The Tomb of Dracula #33, “Blood On My Hands” starts off with aged, blind wheelchair-bound Quincy Harker facing his greatest dilemma: if he lets Dracula die as the vampire deserves, then he forfeits the life of Rachel Van Helsing, held captive across town by Dracula’s brides. Quincy is tormented by the memory of his daughter Edith. He thinks back thirty years to the night Dracula abducted his wife and flung Quincy from his balcony seat at the opera leaving him crippled by the fall. Quincy’s wife survived another decade after Dracula’s attack, but never fully recovered. Faced with the tragedy of his life, Quincy spares Dracula to save Rachel. In gratitude, Dracula grasps the urn containing Edith’s remains and scatters them across the room, literally throwing her ashes in her father’s face. Leaving the reader feeling nothing but contempt for Dracula at his cruelest, writer Marv Wolfman shifts the setting to India where Taj Nital and his wife stand by their son’s grave. The pain of two grieving parents has reunited them. The issue rapidly picks up speed again as Dracula realizes Dr. Sun is the person who must have poisoned him and sets out to find him. Meantime, Inspector Chelm is on Dracula’s tail while the reader learns that the mysterious white-haired vampire sought by both Blade and Hannibal King is also seeking Dracula. Gene Colan’s artwork maintains the high level readers had come to expect as he and Marv Wolfman deliver another excellent issue that keeps the suspense raised as the storylines appear to be headed toward another major development.
Issue #34, “Showdown of Blood” sees the action shift to Brazil where Guest Star Brother Voodoo saves Frank Drake from the zombies. While in London, Inspector Chelm and his men bungle their attempt to slay Dracula. The reader learns that the mysterious white-haired vampire has been stalking Dracula for some time. A final interlude in India sees Taj make a bittersweet departure from the series as he writes a letter to Rachel Van Helsing explaining he will not return to London. Rachel rejoins Quincy, eager to hunt Dracula down. Wolfman then introduces us to embittered fashion designer, Daphne Von Wilkinson who encounters a weakened Dracula and begins providing him with the fresh blood he needs in the form of her enemies.
Issue #35, “Hell Hath No Fury” sees Daphne Von Wilkinson barter with Dracula. She will locate Dr. Sun using her fashion model contacts if he kills four of her enemies. The setting shifts to Brazil where Brother Voodoo and Frank Drake fight their way out of the army of zombies and determine to find Danny Summer. Dracula kills each of Daphne’s four remaining enemies in a series of vignettes. Von Wilkinson provides Dracula with the information he needs: Dr. Sun has set up base in Boston. Wolfman and Colan end the issue with a conclusion straight out of an EC horror anthology of the 1950s as Dracula unleashes his four undead victims to exact their vengeance on Daphne Von Wilkinson.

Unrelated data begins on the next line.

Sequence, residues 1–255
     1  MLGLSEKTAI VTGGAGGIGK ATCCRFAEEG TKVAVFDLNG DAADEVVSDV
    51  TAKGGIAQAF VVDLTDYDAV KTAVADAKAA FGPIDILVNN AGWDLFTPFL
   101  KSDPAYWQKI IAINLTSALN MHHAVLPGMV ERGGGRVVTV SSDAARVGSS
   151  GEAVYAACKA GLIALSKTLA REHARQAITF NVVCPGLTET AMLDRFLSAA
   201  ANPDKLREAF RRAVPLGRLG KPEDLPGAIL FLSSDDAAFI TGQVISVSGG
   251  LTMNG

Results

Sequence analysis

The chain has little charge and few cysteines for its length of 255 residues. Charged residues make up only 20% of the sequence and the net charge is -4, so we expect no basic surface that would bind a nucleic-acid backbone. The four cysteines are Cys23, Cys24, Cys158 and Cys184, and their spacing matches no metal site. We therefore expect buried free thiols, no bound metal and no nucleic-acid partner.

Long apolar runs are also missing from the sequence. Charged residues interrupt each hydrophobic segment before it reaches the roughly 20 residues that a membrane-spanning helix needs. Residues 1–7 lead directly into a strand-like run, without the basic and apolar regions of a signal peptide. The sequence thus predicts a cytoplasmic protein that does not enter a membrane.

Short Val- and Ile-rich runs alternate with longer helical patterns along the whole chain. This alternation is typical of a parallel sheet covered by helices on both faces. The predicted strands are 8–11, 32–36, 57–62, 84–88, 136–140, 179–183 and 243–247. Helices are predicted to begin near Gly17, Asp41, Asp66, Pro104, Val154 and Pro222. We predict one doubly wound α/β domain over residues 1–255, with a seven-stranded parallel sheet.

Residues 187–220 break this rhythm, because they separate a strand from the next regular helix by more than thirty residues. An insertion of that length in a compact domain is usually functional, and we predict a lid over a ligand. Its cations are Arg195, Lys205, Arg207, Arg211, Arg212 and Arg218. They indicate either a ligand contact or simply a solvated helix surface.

Giant-Size Dracula #5, “The Art of Dying” marked the final issue of Marvel’s quarterly companion series, The Curse of Dracula. Writer David Anthony Kraft is teamed with new artist Nestor Redondo to provide an intriguing adventure of Dracula in Europe between the first two World Wars. A Zeppelin airship plays an important role in this story which depicts Dracula as purely a savage predator with no depth of character. Kraft’s period-piece scripts were inferior to Chris Claremont’s contemporary stories focused on psychic investigator Kate Fraser and Inspector Chelm. The format of the quarterly companion series showed promise; it is a pity that Marvel quickly lost their way.
The Tomb of Dracula #36, “Flight of Fear” is mainly concerned with Quincy Harker, Rachel Van Helsing, and Inspector Chelm’s failed attempts to prevent Dracula from leaving Heathrow on a flight to Boston. The vampire succeeds and Quincy and Rachel vow to follow him as Wolfman prepares to shift the setting from the UK to the US. The story switches to Brazil where Frank Drake and Brother Voodoo confront Danny Summer, who has been held in hypnotic thrall by Dracula for the past year. The issue ends with Quincy and Rachel saying their farewell to Inspector Chelm at Heathrow as the reader learns that the psychiatric consultant for Scotland Yard is in the pay of Dr. Sun.
Issue #37, “The Vampire is Coming” kicks things off in the new Boston setting for the series by introducing two new supporting players, the Woody Allen-like hack journalist, Harold H. Harold and the Jewish princess of his dreams, Aurora Rabinowitz who works as a receptionist at his tabloid publisher’s office. The injection of such heavy comic relief initially seems quite jarring as does the introduction of Dr. Sun’s henchman, the one-armed scar-faced Chinese assassin, Juno who seems to have wandered in from one of Doug Monech’s espionage epics for Master of Kung-Fu or even his modern-day The Frankenstein Monster series for Marvel. Following this, Harold H. Harold rescues Dracula after the vampire is involved in a car accident and takes him back to his apartment. Brother Voodoo gives Frank a well-deserved talking to about taking responsibility for his actions and then magically sends him to a Boston airport just as Quincy and Rachel debark from their plane as this thoroughly offbeat issue sets a daring new tone for the award-wining series.
William Patrick Maynard was authorized to continue Sax Rohmer’s Fu Manchu thrillers beginning with The Terror of Fu Manchu (2009; Black Coat Press). A sequel, The Destiny of Fu Manchu is due for publication in December 2011. Also forthcoming is a collection of short stories featuring an original Edwardian detective, The Occult Case Book of Shankar Hardwicke and an original hardboiled detective novel, Lawhead. To see additional articles by William, visit his blog at SetiSays.blogspot.com